You Are Not Your Work

My friend Gary said this to me the other day in an email. He wasn’t talking about me but he could have beeen. Last night I went to bed thinking about my work, dreamt about my work, and woke up thinking about my work. It’s been that way for me since I started Flatiron in the mid 90s. To some extent it’s been that way for me since college. Fortunately I have the Gotham Gal and three awesome kids to keep me from going fully into the fire. I spent the past four days skiing wtih my family and some new friends and enjoyed it immensely. If anything I am letting my work sit idle in my brain more these days than I have in a long time.

What Gary was talking about when he wrote those words to me was failure. And when you are your work, your failure at work is personal. Deeply personal. When Flatiron melted down after four great years and one awful one, it was painful. I went to see a therapist for the first time in my life. It was the best thing I could have done. I had been to see coaches but I had not taken the deeper dive into what was driving me. A few years later I was energized and Brad and I started USV.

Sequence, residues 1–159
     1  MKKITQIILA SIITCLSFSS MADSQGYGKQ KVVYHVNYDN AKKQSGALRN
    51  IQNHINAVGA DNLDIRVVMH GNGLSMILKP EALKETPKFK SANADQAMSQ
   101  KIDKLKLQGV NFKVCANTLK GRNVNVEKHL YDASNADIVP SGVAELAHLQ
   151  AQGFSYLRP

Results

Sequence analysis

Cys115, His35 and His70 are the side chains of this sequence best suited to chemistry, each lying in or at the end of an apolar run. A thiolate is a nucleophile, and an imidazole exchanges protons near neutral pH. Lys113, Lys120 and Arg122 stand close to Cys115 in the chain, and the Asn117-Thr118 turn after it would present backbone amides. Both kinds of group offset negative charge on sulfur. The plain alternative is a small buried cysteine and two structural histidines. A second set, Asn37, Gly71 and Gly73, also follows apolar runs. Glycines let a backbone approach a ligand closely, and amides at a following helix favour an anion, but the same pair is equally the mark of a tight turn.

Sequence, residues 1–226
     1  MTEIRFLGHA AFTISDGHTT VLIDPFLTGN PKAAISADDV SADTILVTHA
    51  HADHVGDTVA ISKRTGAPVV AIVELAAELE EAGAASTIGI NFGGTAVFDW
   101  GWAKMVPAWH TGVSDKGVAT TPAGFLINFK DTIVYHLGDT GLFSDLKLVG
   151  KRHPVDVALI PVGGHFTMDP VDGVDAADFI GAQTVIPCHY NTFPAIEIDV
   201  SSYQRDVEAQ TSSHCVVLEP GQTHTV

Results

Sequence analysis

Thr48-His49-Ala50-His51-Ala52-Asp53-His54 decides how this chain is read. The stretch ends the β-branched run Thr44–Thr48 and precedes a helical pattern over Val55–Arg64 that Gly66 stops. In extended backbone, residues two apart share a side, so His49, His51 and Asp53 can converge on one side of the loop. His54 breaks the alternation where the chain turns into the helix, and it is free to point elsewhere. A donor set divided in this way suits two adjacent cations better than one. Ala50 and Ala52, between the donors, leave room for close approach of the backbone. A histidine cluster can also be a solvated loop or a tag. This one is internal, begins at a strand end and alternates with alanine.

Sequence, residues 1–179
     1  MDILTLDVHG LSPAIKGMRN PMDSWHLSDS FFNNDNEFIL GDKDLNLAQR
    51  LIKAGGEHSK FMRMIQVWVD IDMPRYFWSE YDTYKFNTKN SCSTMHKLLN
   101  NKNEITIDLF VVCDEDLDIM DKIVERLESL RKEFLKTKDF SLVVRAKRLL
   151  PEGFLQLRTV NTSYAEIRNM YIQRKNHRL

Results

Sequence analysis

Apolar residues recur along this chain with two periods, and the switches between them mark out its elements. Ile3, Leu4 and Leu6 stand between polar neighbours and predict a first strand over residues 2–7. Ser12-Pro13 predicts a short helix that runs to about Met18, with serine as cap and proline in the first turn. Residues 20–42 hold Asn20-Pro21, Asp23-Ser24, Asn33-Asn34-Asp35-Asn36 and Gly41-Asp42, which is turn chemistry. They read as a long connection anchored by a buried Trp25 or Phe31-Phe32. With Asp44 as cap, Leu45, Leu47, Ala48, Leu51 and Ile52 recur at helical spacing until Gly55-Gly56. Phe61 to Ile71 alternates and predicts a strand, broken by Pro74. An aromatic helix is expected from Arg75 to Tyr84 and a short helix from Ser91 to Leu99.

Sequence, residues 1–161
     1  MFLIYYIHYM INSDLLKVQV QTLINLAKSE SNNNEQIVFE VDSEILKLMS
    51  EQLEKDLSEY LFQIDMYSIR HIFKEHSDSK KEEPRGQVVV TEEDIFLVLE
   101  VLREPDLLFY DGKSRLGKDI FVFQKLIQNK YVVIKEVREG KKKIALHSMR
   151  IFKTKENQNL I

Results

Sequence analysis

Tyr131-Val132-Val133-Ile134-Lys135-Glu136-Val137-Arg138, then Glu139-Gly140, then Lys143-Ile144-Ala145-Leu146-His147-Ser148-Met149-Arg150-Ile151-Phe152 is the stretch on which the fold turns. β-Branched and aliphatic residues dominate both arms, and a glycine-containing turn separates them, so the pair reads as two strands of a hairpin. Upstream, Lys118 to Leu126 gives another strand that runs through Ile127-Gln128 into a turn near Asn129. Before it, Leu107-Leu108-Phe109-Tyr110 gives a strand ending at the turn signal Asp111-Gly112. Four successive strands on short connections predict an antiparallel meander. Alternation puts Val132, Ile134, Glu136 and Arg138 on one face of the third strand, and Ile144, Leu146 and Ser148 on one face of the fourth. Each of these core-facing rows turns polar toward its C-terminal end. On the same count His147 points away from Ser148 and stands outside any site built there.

Failure can sow the seeds of success. It did for me. It did for Mark Pincus when he turned the failure of Tribe into the success of Zynga. It has done the same for countless others. But to get through failure, you need to be able to separate who you are and what your work is.

One of my favorite lines from an entrepreneur came from Rob Kalin. I am sure I’ve shared it here a few times. He said “I am an artist. Making websites is my medium right now” That’s a helpful way for entrepreneurs to think about their work. They are the painter. Some paintings will hang in the MOMA and others will sit gathering dust in a storage room. Not every thing you create will be brilliant. But you can be brilliant while still making work that isn’t, particularly if you understand why the work that wasn’t great wasn’t great.

Jerry ended his amazing post with the observation that “I have to understand this viscerally if Iā€™m going to be of service to my clients”. When your work is servicing entrepreneurs, it is actually pretty easy to “understand this viscerally”. Their failure is your failure. Their success is your success. Their work is your work. But it is not you.